Salamanca's Martin Bellamy digs deep for answers, writes Jonathan Russell.
Martin Bellamy is delving into the past to find the future. The Rifles officer turned chief executive of Salamanca Group knows his industry is in trouble.
But instead of distancing himself from investment banking, Bellamy is digging deeper into its roots in order to find the solution to its problems.
The answer, according to Bellamy, doesn't lie in the algorithms and proprietary trading desks of modern investment banks, but in the personal relationships and attention to detail that characterised merchant banks of 80 years ago.
"The investment banking model is under huge pressure and will only come under more pressure," said Bellamy.
"Through the financial crisis we thought it was critical for our business to adopt the merchant banking model that had all but disappeared for 80 years. Something that was entrepreneurial, well respected, and was largely dealing with concrete assets such as infrastructure, real estate, logistics and mining."
That this traditional view of business should come from a former army officer rather than someone who cut his teeth in the City perhaps shouldn't come as a surprise. That it has been so effective perhaps should.
While the larger investment banks have been chasing volume, Salamanca has been picking up clients one by one.
By focusing on individuals with in excess of $25m to invest Salamanca has built up a client base suporting an investment portfolio that currently stands at in excess of $2bn.
The investment is largely spread across Salamanca Capital's five divisions, private equity, real estate, corporate advisory, resources and family office and wealth management.
By offering to manage every element of client's financial affairs, from buying and selling property and aircraft to advising on investment and even security Bellamy is attempting to ape the model that was developed by one of London's most famous banking names, Robert Fleming & Co.
"We understand the environment of our investments from top to bottom," explains Bellamy.
"We believe in a return to ethos of merchant banking developed in London 100 years ago or more. You cannot properly service clients unless you are in a trusted relationship."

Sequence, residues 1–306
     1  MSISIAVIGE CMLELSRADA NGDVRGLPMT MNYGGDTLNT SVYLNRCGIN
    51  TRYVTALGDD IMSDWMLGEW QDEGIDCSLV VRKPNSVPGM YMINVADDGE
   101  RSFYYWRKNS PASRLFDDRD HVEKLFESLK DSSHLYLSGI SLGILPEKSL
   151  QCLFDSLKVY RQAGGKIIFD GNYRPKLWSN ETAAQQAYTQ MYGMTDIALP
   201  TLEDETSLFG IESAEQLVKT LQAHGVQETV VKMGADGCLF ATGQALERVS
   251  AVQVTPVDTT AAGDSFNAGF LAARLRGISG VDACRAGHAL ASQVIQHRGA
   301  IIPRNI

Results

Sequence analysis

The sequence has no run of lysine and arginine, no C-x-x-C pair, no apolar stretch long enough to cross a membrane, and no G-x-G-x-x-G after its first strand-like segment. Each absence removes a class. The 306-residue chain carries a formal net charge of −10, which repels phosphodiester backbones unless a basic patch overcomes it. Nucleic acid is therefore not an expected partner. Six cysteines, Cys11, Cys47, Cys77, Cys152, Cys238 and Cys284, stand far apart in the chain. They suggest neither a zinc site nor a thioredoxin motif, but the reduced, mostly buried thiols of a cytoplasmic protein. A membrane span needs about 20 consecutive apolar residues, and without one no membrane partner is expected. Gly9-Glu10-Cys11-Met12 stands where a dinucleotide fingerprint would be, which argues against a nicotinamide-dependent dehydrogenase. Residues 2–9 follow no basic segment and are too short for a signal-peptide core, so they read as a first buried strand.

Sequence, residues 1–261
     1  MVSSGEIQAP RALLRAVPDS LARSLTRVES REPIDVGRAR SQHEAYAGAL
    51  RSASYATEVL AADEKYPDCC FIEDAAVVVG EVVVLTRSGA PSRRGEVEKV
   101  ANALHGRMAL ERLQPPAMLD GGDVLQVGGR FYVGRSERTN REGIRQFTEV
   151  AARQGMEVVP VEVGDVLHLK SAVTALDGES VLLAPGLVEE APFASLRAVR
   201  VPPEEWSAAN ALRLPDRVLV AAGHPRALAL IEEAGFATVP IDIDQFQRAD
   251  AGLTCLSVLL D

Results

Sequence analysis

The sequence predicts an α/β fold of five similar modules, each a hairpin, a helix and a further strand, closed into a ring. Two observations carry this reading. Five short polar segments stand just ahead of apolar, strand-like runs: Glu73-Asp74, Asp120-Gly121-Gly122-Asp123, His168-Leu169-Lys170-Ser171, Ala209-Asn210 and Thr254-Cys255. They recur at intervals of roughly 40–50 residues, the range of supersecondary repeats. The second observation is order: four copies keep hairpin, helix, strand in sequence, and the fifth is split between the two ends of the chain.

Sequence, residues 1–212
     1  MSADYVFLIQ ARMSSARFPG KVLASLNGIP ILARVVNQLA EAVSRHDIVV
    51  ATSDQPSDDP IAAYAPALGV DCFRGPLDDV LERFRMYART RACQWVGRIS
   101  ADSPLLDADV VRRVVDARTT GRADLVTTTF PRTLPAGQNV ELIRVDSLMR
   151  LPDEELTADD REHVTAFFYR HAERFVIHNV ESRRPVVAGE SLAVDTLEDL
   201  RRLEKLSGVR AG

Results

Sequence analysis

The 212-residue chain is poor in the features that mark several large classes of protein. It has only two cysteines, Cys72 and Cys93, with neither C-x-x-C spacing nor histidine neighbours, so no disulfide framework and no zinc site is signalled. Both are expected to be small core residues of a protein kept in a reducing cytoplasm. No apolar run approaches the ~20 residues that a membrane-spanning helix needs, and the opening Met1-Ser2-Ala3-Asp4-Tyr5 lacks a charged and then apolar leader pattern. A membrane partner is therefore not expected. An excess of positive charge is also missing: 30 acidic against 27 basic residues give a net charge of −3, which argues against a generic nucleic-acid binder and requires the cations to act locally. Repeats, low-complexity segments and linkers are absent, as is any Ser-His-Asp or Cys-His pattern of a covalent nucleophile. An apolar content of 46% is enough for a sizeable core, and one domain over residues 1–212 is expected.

It also provides protection services ranging from shepherding journalists in war zones to ensuring the safety of assets such as mines and oil rigs and the staff who operate them.
The company has 100 permanent staff with 60pc based at the Mayfair headquarters. It also maintains offices in places as far afield as Cyprus, Poland, Bulgaria, Romania and Brazil.
The firm has an increasing string of completed deals. In December 2011 Salamanca saw China Polymetallic listed in Hong Kong 24 months after the company committed funds albeit that the listing came in at the bottom end of price expectations.
Early stage investment in China is not undertaken lightly. The group went forward after a detailed in house analysis of the risks and rewards in house a sharp contrast to the investment banking model currently under sceptical examination following the financial crisis of 2008, as Bellamy points out.
The firm is also involved in a $100m bulk storage project in Brazil. "Brazil has always been a 'nearly economy' but we selected it as a key area for investment based on its landmass, population and wealth of resources but with challenges caused by poor infrastructure the kind of challenge we understand and can meet," Bellamy says.
All this may seem a long way away from Bellamy's roots as a Rifles officer and even further away from a recent adventure attempting to row across the Atlantic. But there are parallels and they are all about drive.
Asked about his worst experience on the 2000 mile rowing race, Bellamy does not mention the privations and exhaustion. "It was when I realised we weren't going to be one of the fastest in the race," he says.